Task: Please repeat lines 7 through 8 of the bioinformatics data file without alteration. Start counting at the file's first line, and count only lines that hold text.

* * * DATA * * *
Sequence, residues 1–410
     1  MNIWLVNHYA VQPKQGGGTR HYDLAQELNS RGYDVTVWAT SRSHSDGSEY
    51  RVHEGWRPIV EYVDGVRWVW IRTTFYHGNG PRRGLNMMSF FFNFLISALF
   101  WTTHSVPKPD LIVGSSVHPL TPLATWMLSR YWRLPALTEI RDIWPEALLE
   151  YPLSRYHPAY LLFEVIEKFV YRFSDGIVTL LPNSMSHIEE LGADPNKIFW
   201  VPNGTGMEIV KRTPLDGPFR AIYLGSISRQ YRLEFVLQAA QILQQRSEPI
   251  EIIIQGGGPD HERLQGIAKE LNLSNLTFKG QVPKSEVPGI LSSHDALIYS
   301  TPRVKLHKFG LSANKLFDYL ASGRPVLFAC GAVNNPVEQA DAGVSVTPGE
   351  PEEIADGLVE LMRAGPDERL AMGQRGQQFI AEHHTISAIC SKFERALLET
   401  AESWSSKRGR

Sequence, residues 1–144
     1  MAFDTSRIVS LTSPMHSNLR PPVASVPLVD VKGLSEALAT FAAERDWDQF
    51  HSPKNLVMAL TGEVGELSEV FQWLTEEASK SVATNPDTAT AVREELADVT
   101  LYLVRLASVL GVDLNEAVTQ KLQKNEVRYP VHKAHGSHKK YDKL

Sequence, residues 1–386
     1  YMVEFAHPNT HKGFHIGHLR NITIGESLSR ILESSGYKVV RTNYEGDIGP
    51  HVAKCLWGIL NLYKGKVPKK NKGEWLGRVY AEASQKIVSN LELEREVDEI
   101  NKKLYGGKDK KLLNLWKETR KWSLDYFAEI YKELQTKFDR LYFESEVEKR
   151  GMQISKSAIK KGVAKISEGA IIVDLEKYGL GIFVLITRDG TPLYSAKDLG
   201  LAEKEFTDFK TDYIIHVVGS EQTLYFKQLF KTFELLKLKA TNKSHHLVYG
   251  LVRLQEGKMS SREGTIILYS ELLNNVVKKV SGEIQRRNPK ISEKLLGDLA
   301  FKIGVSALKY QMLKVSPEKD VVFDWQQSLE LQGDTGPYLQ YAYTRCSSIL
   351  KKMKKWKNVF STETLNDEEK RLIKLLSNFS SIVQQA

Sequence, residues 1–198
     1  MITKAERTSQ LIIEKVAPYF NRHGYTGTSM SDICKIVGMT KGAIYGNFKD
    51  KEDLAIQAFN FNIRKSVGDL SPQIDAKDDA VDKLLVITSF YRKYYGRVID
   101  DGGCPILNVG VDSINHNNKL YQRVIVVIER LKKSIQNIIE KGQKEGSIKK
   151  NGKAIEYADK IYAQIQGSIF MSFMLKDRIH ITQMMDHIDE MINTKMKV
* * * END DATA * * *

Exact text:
   251  EIIIQGGGPD HERLQGIAKE LNLSNLTFKG QVPKSEVPGI LSSHDALIYS
   301  TPRVKLHKFG LSANKLFDYL ASGRPVLFAC GAVNNPVEQA DAGVSVTPGE